“Marketing is a battle of perceptions, not products.” said Al Ries. Recognised as the ‘father of positioning’, Ries died on October 7 at age 95.
Ries along with American advertising executive Jack Trout entered the ad arena of advertising in the early 1970s with the radical concept of positioning. The concept held that rather than the focus being centered on brand benefits, marketers must instead fix a place for the brand in the consumer’s mind.
Ries started his career with General Electric, but later moved to New York in order to join the advertising agency Needham Louis & Brorby. In 1963, Ries established the ad agency Ries Cappiello Colwell, which later evolved into the consultancy Trout & Ries.
Ries and Trout wrote a series of articles on positioning that was published and created quite a storm. Ultimately their work turned into a book - Positioning: A Battle for Your Mind.
Ries’s original idea for positioning was called the “rock.” "Every brand needed a solid rock to differentiate itself from all the other brands in the category. But not any rock. The “rock” had to be a word or concept that would be instantly accepted by prospects, like 'The leading toothpaste'," it states on the firm Ries's site.
Ries discussed the idea with his colleague at Ries Cappiello Colwell. Trout, who was an account executive at the agency, suggested calling the rock a “position” instead.
The rest, as they say, is history.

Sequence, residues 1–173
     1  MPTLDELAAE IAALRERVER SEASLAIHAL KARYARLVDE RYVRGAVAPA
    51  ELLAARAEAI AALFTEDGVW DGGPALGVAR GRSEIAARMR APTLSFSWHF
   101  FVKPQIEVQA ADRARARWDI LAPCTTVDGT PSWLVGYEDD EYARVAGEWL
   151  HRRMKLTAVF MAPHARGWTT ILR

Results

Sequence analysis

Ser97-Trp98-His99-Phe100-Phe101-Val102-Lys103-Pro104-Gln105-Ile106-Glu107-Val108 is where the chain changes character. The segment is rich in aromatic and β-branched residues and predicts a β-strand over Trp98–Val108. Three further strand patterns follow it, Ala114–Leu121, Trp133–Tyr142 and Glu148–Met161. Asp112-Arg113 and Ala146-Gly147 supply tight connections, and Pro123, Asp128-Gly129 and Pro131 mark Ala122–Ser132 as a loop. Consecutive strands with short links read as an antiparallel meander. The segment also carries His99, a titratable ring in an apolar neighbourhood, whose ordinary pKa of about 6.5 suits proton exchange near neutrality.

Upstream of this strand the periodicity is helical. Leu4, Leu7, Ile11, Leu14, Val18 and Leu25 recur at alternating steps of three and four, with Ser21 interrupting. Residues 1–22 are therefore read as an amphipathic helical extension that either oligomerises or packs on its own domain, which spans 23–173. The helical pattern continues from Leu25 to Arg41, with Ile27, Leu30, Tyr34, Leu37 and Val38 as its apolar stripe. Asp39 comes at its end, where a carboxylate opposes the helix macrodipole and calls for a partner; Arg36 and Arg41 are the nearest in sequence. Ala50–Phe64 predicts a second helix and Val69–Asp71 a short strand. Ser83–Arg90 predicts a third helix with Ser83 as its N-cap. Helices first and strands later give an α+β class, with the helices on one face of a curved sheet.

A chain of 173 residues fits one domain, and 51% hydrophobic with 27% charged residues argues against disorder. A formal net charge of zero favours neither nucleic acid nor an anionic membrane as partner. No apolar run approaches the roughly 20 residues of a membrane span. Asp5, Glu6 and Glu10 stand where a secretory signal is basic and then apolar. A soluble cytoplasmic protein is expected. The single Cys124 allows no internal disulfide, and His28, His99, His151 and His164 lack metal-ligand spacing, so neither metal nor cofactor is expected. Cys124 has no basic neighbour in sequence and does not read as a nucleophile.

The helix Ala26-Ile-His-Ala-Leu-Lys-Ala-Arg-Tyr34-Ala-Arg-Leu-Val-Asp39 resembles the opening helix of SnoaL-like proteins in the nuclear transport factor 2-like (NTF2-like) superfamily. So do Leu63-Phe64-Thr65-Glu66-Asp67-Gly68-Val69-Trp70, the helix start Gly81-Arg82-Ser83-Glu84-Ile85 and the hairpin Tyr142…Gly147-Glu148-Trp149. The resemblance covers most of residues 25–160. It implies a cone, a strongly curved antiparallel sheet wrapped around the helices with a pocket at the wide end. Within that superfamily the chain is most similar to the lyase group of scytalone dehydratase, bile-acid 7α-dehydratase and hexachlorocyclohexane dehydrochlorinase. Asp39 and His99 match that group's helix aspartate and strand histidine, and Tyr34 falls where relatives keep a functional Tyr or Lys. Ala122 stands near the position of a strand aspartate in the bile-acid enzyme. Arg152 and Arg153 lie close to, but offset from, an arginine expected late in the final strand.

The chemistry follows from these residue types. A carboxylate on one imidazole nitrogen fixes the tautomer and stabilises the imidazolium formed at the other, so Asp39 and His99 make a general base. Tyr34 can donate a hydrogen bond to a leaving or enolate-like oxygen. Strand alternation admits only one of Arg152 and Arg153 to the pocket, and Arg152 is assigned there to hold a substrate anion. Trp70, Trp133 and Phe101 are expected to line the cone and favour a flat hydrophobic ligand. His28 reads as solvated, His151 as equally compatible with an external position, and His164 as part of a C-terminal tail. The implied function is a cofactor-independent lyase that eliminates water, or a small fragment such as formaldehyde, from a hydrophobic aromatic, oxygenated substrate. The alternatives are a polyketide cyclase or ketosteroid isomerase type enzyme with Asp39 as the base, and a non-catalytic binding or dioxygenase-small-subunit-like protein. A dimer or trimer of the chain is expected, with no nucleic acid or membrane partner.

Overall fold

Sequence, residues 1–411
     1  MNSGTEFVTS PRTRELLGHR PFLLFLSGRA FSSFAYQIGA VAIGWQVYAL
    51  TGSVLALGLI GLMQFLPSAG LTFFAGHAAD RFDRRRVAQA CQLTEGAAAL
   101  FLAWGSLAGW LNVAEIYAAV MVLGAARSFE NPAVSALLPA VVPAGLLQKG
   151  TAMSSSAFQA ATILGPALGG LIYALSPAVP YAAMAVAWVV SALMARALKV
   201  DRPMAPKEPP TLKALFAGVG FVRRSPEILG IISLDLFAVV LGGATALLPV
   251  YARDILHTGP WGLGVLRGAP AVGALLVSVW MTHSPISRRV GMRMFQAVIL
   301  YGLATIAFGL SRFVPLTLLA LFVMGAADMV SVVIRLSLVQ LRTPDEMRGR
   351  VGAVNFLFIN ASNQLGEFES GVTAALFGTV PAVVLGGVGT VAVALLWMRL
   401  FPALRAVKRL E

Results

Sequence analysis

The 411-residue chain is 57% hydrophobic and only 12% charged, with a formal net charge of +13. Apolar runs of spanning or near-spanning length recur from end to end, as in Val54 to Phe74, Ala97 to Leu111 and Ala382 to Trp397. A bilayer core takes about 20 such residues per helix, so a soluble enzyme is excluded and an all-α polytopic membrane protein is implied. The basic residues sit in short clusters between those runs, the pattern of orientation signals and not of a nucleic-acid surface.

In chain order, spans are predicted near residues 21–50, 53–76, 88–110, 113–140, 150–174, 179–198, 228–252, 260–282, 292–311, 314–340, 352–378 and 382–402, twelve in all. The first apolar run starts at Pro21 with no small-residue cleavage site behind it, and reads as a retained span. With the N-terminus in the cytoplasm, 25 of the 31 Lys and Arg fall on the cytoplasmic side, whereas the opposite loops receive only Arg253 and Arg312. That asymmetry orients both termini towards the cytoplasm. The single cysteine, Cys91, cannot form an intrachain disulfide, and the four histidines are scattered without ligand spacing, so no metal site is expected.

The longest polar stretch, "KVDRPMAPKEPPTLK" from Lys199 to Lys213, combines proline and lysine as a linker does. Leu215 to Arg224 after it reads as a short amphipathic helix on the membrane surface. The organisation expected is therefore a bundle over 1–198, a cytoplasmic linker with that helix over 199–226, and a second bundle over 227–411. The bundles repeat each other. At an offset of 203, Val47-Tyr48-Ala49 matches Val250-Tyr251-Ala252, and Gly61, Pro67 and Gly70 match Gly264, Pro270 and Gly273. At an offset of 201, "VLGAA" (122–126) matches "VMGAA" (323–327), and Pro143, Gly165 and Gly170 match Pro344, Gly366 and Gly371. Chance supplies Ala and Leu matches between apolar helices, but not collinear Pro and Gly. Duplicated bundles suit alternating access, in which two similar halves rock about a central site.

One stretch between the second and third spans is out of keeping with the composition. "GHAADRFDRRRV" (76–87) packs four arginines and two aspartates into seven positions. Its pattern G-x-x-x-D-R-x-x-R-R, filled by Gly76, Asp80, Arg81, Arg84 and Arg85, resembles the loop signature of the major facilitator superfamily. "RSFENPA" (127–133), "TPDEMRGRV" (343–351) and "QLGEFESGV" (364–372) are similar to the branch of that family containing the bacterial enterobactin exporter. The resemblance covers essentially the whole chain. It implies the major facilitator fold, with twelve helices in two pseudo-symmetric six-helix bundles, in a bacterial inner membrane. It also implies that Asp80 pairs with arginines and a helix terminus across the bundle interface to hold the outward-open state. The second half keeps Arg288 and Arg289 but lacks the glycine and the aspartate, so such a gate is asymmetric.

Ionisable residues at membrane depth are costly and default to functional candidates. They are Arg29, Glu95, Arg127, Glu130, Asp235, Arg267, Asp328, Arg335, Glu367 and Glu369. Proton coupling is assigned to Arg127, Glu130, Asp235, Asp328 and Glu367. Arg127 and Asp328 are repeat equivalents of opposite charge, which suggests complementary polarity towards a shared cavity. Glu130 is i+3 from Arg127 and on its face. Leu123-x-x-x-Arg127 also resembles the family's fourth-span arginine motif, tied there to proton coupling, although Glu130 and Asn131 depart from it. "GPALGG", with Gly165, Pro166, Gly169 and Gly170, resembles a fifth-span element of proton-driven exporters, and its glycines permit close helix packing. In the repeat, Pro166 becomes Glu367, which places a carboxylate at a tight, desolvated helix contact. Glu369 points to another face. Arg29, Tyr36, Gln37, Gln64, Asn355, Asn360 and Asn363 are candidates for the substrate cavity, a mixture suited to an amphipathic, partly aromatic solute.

Other books Ries co-authored were The 22 Immutable Laws of Branding and The Fall of Advertising and the Rise of PR, which was written with his daughter, Laura Ries, who was also his business partner.
Ries worked with an enviable roster of clients that included Apple, Walt Disney Co., Frito-Lay, Ford Motor Co., Microsoft, Papa Johns, Samsung, Siemens and Unilever.
Ries, who was regarded as a maverick in the advertising industry, worked with Trout and engaged directly with marketers. This was sometimes perceived as circumventing ad agencies, which then were charged with executing their positioning ideas.
There are many strategies credited to Trout and Ries. They had proposed to change the name of Conductor Software to Contact Software, and on doing so, the open standard software providers' sales leaped to USD 20 million from USD 1 million. Further, in 1982, the duo was also credited for creating the positioning of Burger King’s “broiled, not fried”.
AdAge wrote in 1984 Trout and Ries questioned KPMG over “why so many flags and globes showed up on the communications materials”. They were told that "one of the big four accounting organizations (KPMG)" was the worldwide leader. The irony here was that KPMG never promoted their position. This led to the conceptualisation of a USD 10 million global positioning campaign.
After parting ways with Trout, Ries along with his daughter Laura set up Ries & Ries. It also expanded to China where the firm's called Ries.